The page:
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Updated October 22, 2001

Accessibility Tip:
Keyboard Shortcuts With Accesskey

by Larisa Thomason,
Senior Web Analyst,
NetMechanic, Inc.

  
October 2001
Vol. 4, No. 19
 • Design Tip
 • Load Time Tip
 • Accessibility Tip
  

Most people don't think much about keyboard navigation on Web sites. At least not until they buy a laptop and try to control the cursor with that little pencil eraser thing or use a touch screen. It sometimes seems as though you need the hand-eye coordination of a space shuttle pilot just to get the cursor where you want it.

Did you ever consider that some of your visitors always use their keyboards for navigation? Use the Accesskey attribute with your page elements to make their visit to your site more enjoyable.

Easier Site Navigation

A lot of effort goes towards making Web sites accessible to people with visual impairments. Previous newsletters have covered various techniques that help screen readers and other assistive technologies interpret your content. That's important, but don't stop there.

Visitors with severe arthritis, carpal tunnel syndrome, multiple sclerosis, or other problems often have trouble using a mouse. Instead, they navigate through sites using their keyboards. Clicking a single key or combination is a lot easier than trying to position a mouse just so to click on a link or menu option.

The accesskey attribute, introduced in HTML 4.0, simplifies keyboard navigation. It's simple to include but browser compatibility is a concern. The attribute only supported by the latest browsers (IE 5.x+ and NS 6.x) on Windows systems.

Create Keyboard Shortcuts

When you include the accesskey attribute, you're creating a keyboard shortcut sequence that's unique to your Web site. Think about how shortcuts work in a word processing program in Windows: Control-S to save the document, Control-N to open a new document, etc.

The accesskey attribute works the same way. Visitors can select an option by holding down the ALT key and pressing whatever key you have defined for that option.

The syntax is simple. Here are a few examples:

<a href="http://www.netmechanic.com/news" 
  accesskey=w>NetMechanic newsletters (Alt-W)</a>

ZIP Code:  <input type="text" name="zip" 
  accesskey=z size=5>  (Alt-Z)
  
<input type="submit" accesskey=s>
    (Alt-S to submit form)

ACCESSKEY is a valid attribute for many HTML tags, including:

  • A
  • Area
  • Input
  • Button
  • Textarea
  • Div
  • Label
  • Legend
  • Caption

Right now, there's no standard way to indicate where you have an accesskey defined. Many Web sites include the information in parentheses next to the appropriate element. We used that method in our examples above.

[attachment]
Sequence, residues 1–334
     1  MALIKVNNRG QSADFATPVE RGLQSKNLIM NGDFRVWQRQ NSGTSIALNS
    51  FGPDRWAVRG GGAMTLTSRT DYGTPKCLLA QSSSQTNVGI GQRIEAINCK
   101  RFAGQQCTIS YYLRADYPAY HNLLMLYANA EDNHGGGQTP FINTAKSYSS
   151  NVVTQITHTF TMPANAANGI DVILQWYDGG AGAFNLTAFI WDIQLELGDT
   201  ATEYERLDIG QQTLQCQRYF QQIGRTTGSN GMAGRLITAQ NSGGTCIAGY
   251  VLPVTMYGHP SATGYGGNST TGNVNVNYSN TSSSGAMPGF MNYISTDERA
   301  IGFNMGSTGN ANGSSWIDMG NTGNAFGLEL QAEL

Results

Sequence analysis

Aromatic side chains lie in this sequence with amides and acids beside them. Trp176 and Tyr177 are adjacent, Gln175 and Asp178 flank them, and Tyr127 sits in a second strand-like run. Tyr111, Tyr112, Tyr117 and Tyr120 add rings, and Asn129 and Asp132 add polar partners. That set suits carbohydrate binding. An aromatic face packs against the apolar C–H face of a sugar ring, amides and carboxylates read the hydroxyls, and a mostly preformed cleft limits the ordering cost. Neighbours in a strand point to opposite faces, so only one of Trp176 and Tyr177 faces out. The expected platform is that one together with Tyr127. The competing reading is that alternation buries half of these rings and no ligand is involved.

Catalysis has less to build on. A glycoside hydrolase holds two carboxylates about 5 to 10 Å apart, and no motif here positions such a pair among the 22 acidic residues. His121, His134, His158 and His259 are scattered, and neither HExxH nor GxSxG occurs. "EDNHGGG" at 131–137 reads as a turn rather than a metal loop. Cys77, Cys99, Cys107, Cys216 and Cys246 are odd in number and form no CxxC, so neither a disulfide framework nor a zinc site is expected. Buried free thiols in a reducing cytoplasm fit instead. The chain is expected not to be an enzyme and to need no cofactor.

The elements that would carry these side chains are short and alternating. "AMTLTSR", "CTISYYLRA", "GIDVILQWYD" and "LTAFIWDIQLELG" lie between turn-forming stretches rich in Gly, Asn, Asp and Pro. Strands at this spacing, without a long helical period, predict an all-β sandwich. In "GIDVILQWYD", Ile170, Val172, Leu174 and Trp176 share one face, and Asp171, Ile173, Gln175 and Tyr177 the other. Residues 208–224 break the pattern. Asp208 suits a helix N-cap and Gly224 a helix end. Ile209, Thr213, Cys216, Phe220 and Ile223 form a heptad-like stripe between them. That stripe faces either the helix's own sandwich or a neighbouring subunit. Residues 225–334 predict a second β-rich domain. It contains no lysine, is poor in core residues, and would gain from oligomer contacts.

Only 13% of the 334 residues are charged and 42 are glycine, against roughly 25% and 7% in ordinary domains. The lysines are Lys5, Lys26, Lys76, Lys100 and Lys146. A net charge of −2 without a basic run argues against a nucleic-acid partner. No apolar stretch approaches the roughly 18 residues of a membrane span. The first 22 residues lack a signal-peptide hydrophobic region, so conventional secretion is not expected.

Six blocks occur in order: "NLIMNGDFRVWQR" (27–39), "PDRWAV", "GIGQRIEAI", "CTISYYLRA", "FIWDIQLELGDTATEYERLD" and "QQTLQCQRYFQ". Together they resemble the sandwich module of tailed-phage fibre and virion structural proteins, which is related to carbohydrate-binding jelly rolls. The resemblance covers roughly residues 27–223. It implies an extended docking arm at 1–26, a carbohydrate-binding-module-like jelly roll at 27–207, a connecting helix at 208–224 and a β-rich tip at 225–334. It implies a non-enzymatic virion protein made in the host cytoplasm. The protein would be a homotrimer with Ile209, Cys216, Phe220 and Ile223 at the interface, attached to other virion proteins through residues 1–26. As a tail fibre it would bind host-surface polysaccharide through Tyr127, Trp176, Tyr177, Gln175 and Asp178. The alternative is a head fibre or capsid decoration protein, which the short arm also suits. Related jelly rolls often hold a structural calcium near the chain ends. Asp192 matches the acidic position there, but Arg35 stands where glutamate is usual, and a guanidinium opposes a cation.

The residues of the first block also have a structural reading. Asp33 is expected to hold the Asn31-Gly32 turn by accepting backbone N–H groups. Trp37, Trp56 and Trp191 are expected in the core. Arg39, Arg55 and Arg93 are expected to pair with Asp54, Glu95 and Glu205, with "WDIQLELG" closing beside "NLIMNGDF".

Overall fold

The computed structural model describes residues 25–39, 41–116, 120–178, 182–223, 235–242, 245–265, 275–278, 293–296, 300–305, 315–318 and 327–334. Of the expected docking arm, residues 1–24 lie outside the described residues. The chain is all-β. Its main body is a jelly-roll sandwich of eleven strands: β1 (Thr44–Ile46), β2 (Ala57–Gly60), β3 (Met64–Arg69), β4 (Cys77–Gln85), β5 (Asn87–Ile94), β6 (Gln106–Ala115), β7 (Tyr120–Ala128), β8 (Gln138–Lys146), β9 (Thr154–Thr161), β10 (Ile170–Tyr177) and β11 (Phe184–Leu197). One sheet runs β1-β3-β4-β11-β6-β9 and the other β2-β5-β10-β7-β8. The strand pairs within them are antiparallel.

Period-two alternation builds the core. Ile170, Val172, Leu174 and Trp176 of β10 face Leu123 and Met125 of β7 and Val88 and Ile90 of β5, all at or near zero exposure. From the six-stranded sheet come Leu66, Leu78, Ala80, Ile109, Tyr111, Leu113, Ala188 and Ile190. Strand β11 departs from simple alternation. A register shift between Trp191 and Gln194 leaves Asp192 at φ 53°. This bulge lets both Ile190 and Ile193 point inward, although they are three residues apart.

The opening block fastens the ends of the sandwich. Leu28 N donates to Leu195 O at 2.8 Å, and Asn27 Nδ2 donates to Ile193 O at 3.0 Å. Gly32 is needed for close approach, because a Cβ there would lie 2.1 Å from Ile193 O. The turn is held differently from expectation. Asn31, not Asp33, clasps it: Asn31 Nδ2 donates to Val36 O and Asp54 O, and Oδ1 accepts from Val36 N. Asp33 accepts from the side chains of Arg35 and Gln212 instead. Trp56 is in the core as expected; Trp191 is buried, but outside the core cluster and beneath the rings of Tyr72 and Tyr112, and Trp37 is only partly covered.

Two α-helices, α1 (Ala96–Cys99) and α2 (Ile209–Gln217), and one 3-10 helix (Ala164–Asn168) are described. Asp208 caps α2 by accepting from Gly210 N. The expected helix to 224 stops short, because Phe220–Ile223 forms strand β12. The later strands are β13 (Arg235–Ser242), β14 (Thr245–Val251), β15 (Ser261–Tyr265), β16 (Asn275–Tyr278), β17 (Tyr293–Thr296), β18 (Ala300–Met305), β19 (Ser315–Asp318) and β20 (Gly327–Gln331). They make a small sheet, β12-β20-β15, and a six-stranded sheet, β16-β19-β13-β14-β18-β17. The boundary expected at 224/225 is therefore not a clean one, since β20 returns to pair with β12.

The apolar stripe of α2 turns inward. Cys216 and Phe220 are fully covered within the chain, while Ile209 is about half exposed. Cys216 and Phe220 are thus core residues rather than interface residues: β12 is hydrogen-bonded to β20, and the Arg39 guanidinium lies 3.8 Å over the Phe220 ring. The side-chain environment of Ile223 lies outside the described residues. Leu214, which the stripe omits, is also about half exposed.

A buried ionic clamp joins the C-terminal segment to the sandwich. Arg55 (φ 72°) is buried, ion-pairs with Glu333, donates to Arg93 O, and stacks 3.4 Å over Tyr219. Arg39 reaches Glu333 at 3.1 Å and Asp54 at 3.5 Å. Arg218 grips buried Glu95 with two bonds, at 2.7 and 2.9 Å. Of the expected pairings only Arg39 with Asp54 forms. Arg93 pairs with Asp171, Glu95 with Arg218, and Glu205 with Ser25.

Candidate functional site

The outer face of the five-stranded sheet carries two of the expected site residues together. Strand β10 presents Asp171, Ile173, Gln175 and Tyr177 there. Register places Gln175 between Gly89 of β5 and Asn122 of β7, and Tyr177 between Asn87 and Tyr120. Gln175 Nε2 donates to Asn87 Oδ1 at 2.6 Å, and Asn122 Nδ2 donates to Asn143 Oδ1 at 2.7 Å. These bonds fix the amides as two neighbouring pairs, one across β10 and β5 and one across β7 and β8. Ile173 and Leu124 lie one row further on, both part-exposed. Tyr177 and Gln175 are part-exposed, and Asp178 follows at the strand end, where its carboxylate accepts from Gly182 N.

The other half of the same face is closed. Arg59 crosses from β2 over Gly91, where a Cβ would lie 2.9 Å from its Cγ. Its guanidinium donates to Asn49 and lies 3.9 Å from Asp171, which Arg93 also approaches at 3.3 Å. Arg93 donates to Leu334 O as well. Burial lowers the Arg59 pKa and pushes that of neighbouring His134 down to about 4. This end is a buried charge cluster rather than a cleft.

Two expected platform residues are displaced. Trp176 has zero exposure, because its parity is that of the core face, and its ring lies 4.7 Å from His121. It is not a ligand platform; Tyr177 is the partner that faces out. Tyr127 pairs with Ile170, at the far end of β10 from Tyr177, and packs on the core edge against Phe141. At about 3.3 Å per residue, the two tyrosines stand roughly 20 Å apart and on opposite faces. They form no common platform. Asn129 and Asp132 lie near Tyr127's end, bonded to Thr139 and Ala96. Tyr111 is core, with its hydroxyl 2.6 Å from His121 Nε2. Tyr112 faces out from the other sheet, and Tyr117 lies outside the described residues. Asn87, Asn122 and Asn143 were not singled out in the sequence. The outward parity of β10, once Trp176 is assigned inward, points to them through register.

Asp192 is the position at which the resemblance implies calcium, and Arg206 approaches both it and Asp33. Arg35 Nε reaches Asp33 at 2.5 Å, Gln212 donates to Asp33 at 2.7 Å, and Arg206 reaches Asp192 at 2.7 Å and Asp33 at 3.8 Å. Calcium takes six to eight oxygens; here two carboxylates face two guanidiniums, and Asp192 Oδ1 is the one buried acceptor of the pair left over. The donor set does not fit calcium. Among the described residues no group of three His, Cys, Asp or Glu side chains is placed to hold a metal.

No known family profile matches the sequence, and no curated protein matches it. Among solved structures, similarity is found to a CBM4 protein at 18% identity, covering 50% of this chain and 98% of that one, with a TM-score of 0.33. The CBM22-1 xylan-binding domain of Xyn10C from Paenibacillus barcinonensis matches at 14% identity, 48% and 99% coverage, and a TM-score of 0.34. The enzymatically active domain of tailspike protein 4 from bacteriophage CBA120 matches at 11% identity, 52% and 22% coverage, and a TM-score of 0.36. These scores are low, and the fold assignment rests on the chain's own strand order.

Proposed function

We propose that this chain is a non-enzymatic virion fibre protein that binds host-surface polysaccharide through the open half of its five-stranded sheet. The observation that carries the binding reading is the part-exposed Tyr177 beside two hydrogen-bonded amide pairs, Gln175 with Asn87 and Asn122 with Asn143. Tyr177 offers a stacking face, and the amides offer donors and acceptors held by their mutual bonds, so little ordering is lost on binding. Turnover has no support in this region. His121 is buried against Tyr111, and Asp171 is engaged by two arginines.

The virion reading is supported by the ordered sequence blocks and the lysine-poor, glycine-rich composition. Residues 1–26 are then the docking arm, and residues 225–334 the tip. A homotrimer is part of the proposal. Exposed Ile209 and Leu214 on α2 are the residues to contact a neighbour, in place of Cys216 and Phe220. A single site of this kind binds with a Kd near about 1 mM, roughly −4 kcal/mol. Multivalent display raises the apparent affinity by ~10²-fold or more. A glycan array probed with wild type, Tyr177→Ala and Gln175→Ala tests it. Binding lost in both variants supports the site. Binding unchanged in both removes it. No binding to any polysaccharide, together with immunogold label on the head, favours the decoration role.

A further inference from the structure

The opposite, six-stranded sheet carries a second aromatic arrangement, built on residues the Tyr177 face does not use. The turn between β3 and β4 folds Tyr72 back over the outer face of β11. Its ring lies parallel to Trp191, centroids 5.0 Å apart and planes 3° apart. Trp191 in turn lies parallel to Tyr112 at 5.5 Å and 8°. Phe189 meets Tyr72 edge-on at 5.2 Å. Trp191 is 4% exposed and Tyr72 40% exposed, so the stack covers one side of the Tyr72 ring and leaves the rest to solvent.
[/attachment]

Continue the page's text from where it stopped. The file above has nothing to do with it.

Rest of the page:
Specific Uses

Here are some specific uses of the accesskey attribute that make your site more accessible:

  • Internal Page Navigation: Use the accesskey attribute on your named anchors inside the document. Visitors could select Alt-N for the navigation bar, Alt-C for the main content section or a particular subsection, etc. This is particularly helpful if you have a long document.

  • Form Navigation: Give visitors a way to navigate through your form, reset it, or submit it by including the accesskey attribute with all your input elements.

  • External Links: This is especially helpful if you have a links page. Number your links and set the accesskey attribute for that link to equal the link's number. Like this:

    1. The Washington Post (Alt-1)
    2. The Times of London (Alt-2)
    3. The Times of India (Alt-3)
    4. Le Monde (Alt-4)

    Since the accesskey equals the link number, the pattern is easy to understand.

Select your accesskeys carefully because they will override existing browser keyboard shortcuts. For instance, if you set an accesskey=e on your page, your visitors won't be able to open the Edit menu in Explorer using Alt-E.

Unfortunately, we can't give you a list of "standard" Alt key assignments in Explorer because they depend on the language of the user interface. The word "file" in English doesn't start with F in all languages remember! In the Finnish versions of Explorer, Alt-T opens the file menu. Keep this in mind if you have a large number of non-English speaking visitors.

Dealing With Browser Incompatibility

The accesskey attribute is an important component of overall Web site accessibility. It's a part of HTML 4.0. Explorer 5.x and 6.0 browsers support it. Netscape supports it in its 6.x versions. Perhaps other browsers will follow their example.

Consider including it on your pages anyway. It doesn't take up much space, won't break your page, and gives visitors with compatible browsers more options. Remember that many people without disabilities use mouse alternatives to navigate through Web sites.

If you're really concerned about confusing visitors who use incompatible browsers, then consider using a JavaScript browser detection script to redirect them to an alternate page. Webmasters with good JavaScript programming skills could also create functions that insert accesskey information based on which browser the visitor is using.

Accesskey definitions are an easy, low-impact way to make your site more accessible to all visitors. Give them a try!



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